United States Cuba Policy & Business Blog

Tuesday, February 19, 2013

United States Cuba Relations - On Citizen Petitions

Recently, I was asked to comment on the effectiveness of petitions.  Right now there is an online petition to ask President Obama to remove Cuba from the list of State Sponsors of Terror, a designation that any intelligent and rational thinking individual knows does not apply to Cuba.  I signed that petition and suggest that everyone else who also agrees to do so as well.  Here is the link:


At minimum, it is an opportunity to make a statement that this fallacy needs to be reviewed and changed by President Obama or Secretary of State Kerry, the only two officials with the authority to remove Cuba from that list.  This topic has been discussed numerous times on this blog in our archives.  That designation has long reaching consequences on average Cuban Americans and Americans who seek normal contacts and costs in communicating with Cuba.  As long as Cuba remains on the Terror List, it triggers another law, the Terrorism Risk Insurance Act (TRIA).  The fact that Cuba has that designation is the major reason why it costs approximately one dollar per minute to call Cuba, and even more from Cuba to the United States. It also spurs the cottage industry of obtaining multi-million dollar default judgments against Cuba.  Any nation on the list loses its sovereign immunity in U.S. courts.

It is important to understand that in the world of lobbying, an online petition is the LEAST effective way to send a message to our elected officials.  It does provide a list of individuals who think alike to the petition's organizers and that can be helpful to a more coordinated effort in the future.  Most officials do not even read these petitions.  Staff usually tallies a number and includes it in briefs to the official.

When asked what could be an effective petition on U.S. Cuba relations, here is one that could make a difference and employ the only two things that matter in politics, votes and money  What if a petition was created in a specific state or congressional district with the following requirements:

1) You must be a registered voter of that state or congressional district to sign the petition. It must verifiable by the political candidate/officeholder.

2) You agree to make a voluntary contribution to a political action committee of say $5-$25.  Those funds would be used to either support the candidate or his/her primary or general election opponent, depending on the candidate's position on U.S. Cuba relations.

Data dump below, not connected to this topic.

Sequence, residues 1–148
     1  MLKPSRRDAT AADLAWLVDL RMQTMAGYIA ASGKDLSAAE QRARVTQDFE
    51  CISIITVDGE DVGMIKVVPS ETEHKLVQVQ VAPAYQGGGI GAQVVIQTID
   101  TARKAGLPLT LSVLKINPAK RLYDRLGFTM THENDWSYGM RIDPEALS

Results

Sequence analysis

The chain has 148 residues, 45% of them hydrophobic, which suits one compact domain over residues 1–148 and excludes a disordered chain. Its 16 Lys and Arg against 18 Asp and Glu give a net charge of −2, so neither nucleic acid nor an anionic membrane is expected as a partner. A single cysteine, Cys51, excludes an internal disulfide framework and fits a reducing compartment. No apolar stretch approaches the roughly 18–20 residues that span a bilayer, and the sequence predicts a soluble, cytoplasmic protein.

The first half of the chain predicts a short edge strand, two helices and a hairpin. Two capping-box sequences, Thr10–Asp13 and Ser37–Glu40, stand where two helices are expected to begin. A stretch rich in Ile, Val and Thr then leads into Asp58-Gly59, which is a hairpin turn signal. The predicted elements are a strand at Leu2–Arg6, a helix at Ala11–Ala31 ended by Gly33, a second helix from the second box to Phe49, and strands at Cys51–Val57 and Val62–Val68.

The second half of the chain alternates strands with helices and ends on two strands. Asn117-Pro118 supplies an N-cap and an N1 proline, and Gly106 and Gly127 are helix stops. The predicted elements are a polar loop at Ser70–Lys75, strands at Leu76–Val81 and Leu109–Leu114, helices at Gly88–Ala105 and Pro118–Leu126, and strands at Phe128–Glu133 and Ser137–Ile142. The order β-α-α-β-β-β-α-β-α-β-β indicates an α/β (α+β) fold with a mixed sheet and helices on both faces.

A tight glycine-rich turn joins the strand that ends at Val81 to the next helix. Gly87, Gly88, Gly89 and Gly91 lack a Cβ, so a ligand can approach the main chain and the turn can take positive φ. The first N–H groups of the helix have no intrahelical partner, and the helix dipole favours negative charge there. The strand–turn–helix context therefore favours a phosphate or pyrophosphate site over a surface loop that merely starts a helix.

3) If it is a statewide petition, the goal must be to get 100,000 registered voters to sign the petition.  If it is a congressional district wide petition, the goal should be 10,000 voters.  Politicians will not ignore a voting bloc of 100,000 in a U.S. Senate race or a bloc of 10,000 voters in a House race who publicly declare their support or opposition and back it up also with a contribution.

4) Separately, those individuals who are not registered voters in those states/districts can always make a campaign contribution to a political action committee.  A few bucks can go a long way.  Remember the average contributor to President Obama's election campaigns averaged less than a $100.00 per donor.  So it is possible to make a difference contributing the cost of a night out to the movies for two to a political cause that matters to you.  For example, those involved with the gun control debate are not signing petitions.  They are organizing themselves into voting blocs and raising money to support candidates on both sides of the Second Amendment issue.  The same tactics and strategies apply to the U.S. Cuba issue.

Understand that there is a difference between those who support changing U.S. Cuba policy and those who are committed to actually making it happen.  Many ask why things still haven't changed yet.  Ironically, there is a lot of support to change U.S. Cuba policy but not enough commitment yet. To make such a petition work, it will require dedicated and committed individuals to focus on a state like Florida or New Jersey and certain congressional districts in those states, where the pro-embargo/anti-travel Congressional cabal can be challenged and its firewall broken in November, 2014.  Are there enough committed individuals, Cuban American citizens who will put up their votes and money to effectuate change in our failed policies with Cuba?  We will see.  The change begins with you. And me.


Anonymous said...

Thanks for our great work !

JW in CA